Many papers have been saved but are in bad condition, even if they have been bound into volumes, says Andrea Vanek, assistant director of the California Newspaper Project. “The best way to preserve newspapers is to lay them flat in an acid-free box, but most of the papers that we find are not that way. We’ve found nails, or brads, or sometimes holes punched in the pages, and you lose text because of the holes--it is very destructive to the paper. We also find a lot of papers that have just been folded and put on the shelf, so they are brittle and brown along the fold.”

Newsprint deteriorates because of the high acid in the paper. Newspapers printed before 1875 were often printed on paper composed of old rags beaten into a liquid pulp, cast onto a screen, and made into individual sheets. “We have books that date back to the sixteenth century, the incunabula period, that look excellent and will last forever,” says Kurtuz.

With an increasingly literate population and the demand for papers in larger quantities, a faster means of papermaking was devised. “One of the ironies of newspaper preservation is that fact that you could take the Virginia Gazette home--it’s in great shape, very durable, because it is printed on rag paper,” says Somay. “Then around the 1860s the demand for newspaper printing became so great, they began breaking down wood pulp with alum, which converts to an acid over time, so that the paper becomes embrittled. Newspapers from the 1830s don’t have the same preservation demands that the 1930s have--in fact papers from the 1930s are often in dire condition.

“So we’re at risk of losing our more immediate past, which is an odd situation. The papers contain the seeds of their own destruction.”

“You walk up and down the aisle at the library and you see the ‘cornflakes,’ the chunks of newspaper that fall down to the floor,” says Kurutz. “That’s why microfilm, and later, digitization, is going to be such an advantage--because newspapers are a primary source and you will be able to read them without damaging the original.”

Microfilming is a painstaking and time-consuming process. “It’s very rare that you find a whole run of a paper in good condition,” says Vanek. “We have to disbind them to film them, because usually the binding is so tight that you cannot get a good image. Sometimes we have to put whole sheets into a Mylar sleeve or tape or iron them, or sometimes correct numbering or dates in pencil on the issues. It takes a very long time to get them camera-ready.”

“Papers are being ferreted out and made available not only bibliographically, but also preserved--it’s a real boon to researchers to finally know who has what,” says Kurutz. “This is a bibliographic Mount Everest for California, with its complex newspaper history. From San Diego up through Fort Bragg, tremendous resources are being made available.”

Snyder, the director of the California newspaper project, has been canvassing the Golden State for more than a decade, on the hunt for old and rare newspapers. “You never know when you’re going to turn up a lead one place that will take you some place else,” he says.

One regional publisher had saved local papers from Winton, California, for twenty-five years, and showed Snyder his attic stacked full of them. “They were in bundles and pigeons had roosted in there. It was dirty and dusty and it was a hot day. I went through and tried to make the best inventory I could of these bundles, and I took the earliest issue I found of each of these eight titles.” Snyder cataloged them, hoping to return and complete a thorough inventory. “I called him a few months later, and he said, ‘You’ll be very sad to hear that sixty days after you were here, the place burned down to the ground.’ So I had the earliest known copies, since I’d saved them. That was a tragedy: eight local communities, twenty-five years worth, lost, because the local libraries hadn’t saved them.”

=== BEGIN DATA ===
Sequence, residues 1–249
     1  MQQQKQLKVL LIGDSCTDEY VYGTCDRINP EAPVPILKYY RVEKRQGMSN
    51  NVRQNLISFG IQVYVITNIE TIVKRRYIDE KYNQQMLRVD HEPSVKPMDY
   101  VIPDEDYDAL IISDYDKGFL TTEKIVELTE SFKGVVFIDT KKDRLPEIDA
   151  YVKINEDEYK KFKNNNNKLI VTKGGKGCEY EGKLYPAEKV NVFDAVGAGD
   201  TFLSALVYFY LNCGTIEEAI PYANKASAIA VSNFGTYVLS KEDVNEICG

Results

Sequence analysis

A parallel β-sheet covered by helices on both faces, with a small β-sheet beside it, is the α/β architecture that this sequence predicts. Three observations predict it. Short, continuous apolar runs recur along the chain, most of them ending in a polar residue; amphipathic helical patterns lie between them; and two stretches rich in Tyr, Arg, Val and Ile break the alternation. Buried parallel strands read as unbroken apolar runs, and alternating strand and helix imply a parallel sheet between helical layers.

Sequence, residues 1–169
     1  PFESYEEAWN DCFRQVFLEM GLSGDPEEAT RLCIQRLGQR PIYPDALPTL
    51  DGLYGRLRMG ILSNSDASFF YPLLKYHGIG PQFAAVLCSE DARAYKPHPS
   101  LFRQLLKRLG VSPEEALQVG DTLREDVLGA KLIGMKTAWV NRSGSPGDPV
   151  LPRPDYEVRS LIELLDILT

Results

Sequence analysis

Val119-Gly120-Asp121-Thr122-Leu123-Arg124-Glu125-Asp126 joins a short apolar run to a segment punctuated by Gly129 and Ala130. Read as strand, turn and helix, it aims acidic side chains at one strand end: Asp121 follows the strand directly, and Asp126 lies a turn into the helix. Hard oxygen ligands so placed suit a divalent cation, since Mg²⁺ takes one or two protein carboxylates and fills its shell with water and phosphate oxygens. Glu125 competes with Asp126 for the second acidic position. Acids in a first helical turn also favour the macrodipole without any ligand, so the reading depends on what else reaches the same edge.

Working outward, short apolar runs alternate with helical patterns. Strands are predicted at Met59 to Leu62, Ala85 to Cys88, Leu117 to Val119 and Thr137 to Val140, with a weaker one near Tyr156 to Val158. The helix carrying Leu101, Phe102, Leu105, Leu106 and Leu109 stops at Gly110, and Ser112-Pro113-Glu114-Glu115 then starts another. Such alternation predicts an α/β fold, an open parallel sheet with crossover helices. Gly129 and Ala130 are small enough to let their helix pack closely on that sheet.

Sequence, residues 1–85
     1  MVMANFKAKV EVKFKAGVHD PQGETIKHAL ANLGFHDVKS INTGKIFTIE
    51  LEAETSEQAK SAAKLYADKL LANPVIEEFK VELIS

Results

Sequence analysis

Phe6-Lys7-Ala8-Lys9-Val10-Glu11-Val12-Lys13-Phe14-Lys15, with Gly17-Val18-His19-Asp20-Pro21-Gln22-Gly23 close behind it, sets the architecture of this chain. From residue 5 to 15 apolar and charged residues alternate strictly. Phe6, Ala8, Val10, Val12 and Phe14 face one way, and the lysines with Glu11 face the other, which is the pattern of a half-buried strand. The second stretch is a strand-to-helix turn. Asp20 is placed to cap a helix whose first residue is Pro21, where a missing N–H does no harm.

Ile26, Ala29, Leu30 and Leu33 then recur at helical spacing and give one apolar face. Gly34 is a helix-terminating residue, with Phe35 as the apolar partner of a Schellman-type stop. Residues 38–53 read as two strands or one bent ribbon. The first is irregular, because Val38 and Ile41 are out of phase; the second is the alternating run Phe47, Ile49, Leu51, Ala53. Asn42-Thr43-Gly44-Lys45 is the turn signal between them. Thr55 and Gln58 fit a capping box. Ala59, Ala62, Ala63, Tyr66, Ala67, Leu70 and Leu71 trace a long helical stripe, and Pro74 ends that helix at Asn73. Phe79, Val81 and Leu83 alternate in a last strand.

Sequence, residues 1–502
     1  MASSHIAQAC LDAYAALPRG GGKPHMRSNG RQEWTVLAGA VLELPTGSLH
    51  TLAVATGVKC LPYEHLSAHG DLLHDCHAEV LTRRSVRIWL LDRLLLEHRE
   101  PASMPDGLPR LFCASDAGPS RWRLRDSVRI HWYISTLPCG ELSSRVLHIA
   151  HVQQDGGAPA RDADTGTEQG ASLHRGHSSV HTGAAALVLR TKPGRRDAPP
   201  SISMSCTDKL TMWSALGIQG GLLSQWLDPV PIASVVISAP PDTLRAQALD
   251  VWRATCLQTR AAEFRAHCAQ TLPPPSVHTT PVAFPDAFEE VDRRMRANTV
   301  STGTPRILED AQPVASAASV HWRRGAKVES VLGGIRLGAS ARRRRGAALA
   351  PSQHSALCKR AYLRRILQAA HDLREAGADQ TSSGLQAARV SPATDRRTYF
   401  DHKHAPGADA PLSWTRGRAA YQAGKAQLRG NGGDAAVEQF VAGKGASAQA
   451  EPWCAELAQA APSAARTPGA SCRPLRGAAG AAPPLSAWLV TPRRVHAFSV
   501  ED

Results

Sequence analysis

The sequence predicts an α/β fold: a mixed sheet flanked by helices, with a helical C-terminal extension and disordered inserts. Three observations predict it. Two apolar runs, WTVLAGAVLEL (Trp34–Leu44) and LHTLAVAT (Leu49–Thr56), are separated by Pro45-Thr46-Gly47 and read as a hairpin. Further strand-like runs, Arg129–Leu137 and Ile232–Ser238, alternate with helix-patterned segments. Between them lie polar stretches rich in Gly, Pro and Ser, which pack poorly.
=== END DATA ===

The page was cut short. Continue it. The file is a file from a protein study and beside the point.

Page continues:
Snyder is semi-retired, but he says that the work continues to be “intensely rewarding.” He himself has long ties to the state: his great-great-grandparents arrived by covered wagon in the 1850s, and there were newspaper publishers on both sides of his family.

Snyder says, “I’ve found towns that were six miles apart but each had their own newspaper.” In Downyville he met the publisher of the Sierra Booster, Hal Wright, a relative of the Wright Brothers. For forty years, Wright was California’s only flying newspaper deliveryman, tossing his paper onto the front porches of subscribers as he flew by in his 1949 Aeronica Sedan. He published and delivered the paper every three weeks until he died at the age of ninety-six, the oldest active pilot in the United States.

“That kind of local identity is not characteristic of most of today’s publications,” says Snyder. In the past twelve years, he and his team have identified more than half of the twenty thousand California newspapers that have been published since 1846. They are printed in thirty-nine languages and represent Oakland’s Portuguese community, San Francisco’s Greek and Chinese, Fresno’s Armenian, Cambodian, and Hmong, and California’s many Spanish-speaking communities.

Somay says the collection and microfilming of newspapers is urgent business. “We may never have this chance again to preserve newspapers that are on the verge of total extinction,” he says. “We may never pass this way again.”